Insight by Leidos and Amazon Web Services

Cybersecurity and Analytics – Where AI Meets the Cloud

This content is provided by Leidos and Amazon Web Services.

Bake it in, or bolt it on? Anyone who has ever dealt with federal cybersecurity has had those two options presented to them. Everyone agrees that when designing a new system, considering cybersecurity at the onset―or “baking it in”―is a good idea. Adding solutions after the fact, or “bolting it on,” can help a system respond to new threats, but can also result in a complicated and messy cybersecurity strategy.

Is it really just a binary question? Are these the only two options?

“Cybersecurity is an evolving topic. You can’t rest on your laurels thinking that your system is secure because you baked it in to begin with. You always have to continue to evolve,” said Keith Johnson, chief technology officer of Leidos’ defense and intelligence business areas. “That’s primarily because the diversity of the environment, the users, and the adversaries who may be trying to get in and take that $100 billion worth of data is expansive.”

Meanwhile, Brett McMillen, director of Federal Government at Amazon Web Services (AWS), said he spends a great deal of time on cybersecurity. It starts with knowing what you have, and how to respond. And the cloud makes that much easier.

For example, what if an agency wants to know if it’s running an operating system with a known or new vulnerability? With multiple data centers, that’s a tough question, and the answer will take time and manpower. But in the cloud, getting that answer is as simple as a single query.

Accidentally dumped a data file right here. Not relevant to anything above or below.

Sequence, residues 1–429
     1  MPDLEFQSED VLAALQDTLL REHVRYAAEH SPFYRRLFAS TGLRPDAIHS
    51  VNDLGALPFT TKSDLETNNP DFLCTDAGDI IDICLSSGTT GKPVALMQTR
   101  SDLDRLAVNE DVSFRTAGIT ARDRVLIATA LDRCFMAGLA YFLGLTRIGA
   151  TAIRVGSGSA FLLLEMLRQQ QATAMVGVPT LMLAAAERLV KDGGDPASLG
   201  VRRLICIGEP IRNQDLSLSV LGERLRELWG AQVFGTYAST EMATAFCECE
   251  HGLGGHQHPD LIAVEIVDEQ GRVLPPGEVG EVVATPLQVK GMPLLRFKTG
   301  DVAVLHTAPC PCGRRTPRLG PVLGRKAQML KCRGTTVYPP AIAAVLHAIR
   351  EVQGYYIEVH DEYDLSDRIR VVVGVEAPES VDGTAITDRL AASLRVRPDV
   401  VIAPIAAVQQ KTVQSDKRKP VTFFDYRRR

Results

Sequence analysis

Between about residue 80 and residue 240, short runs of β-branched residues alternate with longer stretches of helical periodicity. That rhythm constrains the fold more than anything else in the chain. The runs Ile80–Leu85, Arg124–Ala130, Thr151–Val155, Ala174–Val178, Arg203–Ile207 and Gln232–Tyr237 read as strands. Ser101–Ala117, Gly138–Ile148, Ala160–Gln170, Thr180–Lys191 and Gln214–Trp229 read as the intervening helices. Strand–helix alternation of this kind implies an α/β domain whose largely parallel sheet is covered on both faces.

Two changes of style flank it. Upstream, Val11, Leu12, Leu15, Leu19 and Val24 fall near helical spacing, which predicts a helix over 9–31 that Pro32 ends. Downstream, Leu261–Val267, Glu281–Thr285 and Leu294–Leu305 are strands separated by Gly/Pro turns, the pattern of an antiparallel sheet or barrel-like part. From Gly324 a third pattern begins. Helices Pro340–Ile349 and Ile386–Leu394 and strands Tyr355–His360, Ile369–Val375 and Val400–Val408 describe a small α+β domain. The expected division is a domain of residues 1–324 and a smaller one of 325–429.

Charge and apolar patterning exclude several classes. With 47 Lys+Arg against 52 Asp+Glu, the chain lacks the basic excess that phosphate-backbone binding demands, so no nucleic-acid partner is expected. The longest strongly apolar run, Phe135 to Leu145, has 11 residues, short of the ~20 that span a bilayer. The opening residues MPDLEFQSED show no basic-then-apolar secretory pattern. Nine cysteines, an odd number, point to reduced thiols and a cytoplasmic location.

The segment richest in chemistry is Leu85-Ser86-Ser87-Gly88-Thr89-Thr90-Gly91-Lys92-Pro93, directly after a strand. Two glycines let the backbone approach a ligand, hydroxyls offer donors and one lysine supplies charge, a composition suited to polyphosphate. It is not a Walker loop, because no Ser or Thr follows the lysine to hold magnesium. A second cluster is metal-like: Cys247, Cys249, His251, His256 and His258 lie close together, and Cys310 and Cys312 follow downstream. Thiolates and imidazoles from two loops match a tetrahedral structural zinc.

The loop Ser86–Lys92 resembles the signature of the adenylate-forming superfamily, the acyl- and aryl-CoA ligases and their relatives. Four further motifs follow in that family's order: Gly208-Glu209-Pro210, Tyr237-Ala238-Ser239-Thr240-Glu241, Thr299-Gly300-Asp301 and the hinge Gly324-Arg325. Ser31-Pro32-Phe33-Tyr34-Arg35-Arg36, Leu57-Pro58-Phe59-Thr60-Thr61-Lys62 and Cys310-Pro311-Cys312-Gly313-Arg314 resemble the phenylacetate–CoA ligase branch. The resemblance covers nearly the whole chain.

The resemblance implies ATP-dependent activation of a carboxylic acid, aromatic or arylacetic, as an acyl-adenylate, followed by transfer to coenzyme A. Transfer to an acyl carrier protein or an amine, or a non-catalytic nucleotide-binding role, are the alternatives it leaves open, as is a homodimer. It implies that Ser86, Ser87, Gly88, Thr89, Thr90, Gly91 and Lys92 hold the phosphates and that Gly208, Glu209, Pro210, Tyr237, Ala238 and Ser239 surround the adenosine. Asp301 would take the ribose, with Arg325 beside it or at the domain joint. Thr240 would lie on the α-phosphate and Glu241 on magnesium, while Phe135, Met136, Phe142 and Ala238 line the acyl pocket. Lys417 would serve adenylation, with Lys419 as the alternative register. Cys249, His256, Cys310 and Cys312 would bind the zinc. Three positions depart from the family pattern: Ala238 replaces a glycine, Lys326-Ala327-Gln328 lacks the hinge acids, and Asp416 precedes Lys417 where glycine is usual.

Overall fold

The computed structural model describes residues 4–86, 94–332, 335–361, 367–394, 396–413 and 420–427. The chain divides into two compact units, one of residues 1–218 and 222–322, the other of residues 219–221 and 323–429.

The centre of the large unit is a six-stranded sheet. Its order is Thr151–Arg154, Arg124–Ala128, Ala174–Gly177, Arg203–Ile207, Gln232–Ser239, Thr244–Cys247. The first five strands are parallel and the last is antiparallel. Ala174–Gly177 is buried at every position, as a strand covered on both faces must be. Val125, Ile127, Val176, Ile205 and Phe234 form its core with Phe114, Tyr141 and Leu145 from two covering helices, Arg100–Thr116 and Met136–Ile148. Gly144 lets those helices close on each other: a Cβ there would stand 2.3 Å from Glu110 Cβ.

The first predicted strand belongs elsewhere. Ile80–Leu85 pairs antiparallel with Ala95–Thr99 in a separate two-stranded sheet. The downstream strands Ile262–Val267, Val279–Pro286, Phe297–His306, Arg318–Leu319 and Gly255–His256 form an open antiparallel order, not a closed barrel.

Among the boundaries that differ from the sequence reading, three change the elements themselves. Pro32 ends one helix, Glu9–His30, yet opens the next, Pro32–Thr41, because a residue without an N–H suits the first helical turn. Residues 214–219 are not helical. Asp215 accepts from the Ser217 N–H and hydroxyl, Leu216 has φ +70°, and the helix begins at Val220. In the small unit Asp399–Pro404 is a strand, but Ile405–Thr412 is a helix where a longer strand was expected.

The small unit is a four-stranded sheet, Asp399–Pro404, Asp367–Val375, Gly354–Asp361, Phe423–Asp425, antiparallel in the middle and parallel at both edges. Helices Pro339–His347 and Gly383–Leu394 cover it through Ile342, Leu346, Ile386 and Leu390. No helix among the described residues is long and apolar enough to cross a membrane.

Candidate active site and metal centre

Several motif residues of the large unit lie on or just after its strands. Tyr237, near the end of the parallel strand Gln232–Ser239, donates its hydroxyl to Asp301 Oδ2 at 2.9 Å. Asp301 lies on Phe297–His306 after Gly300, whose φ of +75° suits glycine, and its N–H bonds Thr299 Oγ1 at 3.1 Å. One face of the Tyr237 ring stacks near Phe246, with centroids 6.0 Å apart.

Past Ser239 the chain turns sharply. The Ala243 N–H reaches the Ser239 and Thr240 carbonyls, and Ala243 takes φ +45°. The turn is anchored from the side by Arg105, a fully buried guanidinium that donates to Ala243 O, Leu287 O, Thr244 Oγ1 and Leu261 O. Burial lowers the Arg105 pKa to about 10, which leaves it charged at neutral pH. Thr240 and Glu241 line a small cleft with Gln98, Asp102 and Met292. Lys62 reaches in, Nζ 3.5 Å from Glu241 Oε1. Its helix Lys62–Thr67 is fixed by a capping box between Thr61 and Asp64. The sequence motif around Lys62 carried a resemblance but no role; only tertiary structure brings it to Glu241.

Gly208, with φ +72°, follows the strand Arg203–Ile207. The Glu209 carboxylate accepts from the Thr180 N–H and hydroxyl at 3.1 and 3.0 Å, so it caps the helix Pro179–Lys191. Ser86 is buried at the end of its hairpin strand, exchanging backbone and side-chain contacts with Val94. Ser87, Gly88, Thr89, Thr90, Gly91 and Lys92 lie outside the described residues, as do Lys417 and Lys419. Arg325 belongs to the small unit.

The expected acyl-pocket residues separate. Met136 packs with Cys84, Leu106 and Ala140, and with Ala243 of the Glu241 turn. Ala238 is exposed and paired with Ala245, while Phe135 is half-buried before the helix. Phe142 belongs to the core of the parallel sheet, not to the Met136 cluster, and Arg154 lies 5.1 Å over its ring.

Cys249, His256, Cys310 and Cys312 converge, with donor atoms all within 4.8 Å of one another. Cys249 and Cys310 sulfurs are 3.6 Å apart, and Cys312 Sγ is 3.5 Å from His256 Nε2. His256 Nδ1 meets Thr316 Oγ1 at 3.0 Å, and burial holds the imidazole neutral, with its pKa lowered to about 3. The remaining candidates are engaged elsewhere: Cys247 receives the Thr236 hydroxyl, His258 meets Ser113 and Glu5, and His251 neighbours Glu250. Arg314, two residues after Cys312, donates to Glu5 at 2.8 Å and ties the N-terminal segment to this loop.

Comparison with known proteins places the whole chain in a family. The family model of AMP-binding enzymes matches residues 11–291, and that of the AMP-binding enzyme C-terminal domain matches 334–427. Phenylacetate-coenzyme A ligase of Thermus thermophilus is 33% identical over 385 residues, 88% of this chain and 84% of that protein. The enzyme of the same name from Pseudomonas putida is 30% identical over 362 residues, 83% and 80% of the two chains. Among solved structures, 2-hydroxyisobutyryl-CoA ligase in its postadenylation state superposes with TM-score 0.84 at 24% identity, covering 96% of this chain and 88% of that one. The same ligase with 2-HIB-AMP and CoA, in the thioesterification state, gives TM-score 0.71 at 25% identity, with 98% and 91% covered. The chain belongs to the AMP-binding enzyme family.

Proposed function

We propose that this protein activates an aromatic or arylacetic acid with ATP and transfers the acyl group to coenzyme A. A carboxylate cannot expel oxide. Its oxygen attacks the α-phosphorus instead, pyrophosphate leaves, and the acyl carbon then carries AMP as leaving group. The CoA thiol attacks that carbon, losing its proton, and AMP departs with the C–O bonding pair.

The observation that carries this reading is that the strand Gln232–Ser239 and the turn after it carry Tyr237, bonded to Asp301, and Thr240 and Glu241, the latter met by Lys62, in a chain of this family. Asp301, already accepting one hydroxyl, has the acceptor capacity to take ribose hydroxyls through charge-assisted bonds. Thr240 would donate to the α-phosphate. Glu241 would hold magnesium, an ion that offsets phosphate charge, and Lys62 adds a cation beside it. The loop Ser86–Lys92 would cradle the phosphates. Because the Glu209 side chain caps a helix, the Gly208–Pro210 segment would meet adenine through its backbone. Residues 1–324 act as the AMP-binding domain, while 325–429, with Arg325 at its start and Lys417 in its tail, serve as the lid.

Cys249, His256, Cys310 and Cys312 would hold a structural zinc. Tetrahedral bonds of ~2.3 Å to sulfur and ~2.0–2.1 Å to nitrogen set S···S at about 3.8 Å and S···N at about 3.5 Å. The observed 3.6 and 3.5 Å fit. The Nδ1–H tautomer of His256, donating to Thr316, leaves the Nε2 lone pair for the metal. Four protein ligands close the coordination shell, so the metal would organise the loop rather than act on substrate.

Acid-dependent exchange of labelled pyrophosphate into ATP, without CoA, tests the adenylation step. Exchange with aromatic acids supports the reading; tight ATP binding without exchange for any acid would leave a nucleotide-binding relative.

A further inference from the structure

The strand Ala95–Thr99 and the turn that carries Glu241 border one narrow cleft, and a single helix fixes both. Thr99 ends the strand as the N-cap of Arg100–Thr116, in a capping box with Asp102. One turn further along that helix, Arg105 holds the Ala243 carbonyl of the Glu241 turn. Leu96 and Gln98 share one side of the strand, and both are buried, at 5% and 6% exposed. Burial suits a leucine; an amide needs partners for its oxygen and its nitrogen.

The next question is how to respond. Cloud providers like AWS offer tools to both monitor and respond to vulnerabilities, and can spin up or wind down an entire system with relative ease.

One cybersecurity tool that’s getting a lot of attention is artificial intelligence (AI). Everyone wants to automate to make it easier to keep up with the evolving threat landscape. But with federal cybersecurity, it’s not that easy, Johnson said.

“While we want to automate, we can’t rush too fast because of all the nuances involved. We have to make sure that we are secure, and that does require people right now. It requires a lot of people,” he said. “Over time though, it’s going to be a big effort from us, I know it is with AWS, and within the commercial world, to understand how we can really automate in a way that keeps us safe but takes away some of the burdens that humans are facing right now.”

One of the biggest obstacles is data architecture. Analytics can help an agency understand its own data, which is the first step towards applying AI.

“You can’t apply AI unless you have data, and data has to be unlocked,” Johnson said. “Right now, just because of the way legacy architectures have evolved, data is not in a good place to have AI applied to it. We need to open that up and re-architect it, expose the data, and then expose data that’s labeled because that’s when you can really apply AI.”

Agencies also need to think about how they intend to use AI. Everyone wants to apply it to cybersecurity, to keep data safe. But what about applying it to patterns and use cases around the data? Who is looking at it, and when? The key, McMillan said, is early detection.

“I like to think of AI and machine learning as giving agencies the ability to solve problems that they never could solve before,” he said.

 

 

TECH TIP:  Put AI to work to find anomalies and boost your cybersecurity posture. 

When data is in the cloud, you can get more robust logs and more fine-grained usage patterns and access controls.  Once aggregation of those usage patterns and access controls is done, then AI can be used to find abnormalities, which may be indicative of questionable behavior to investigate from a cybersecurity perspective.

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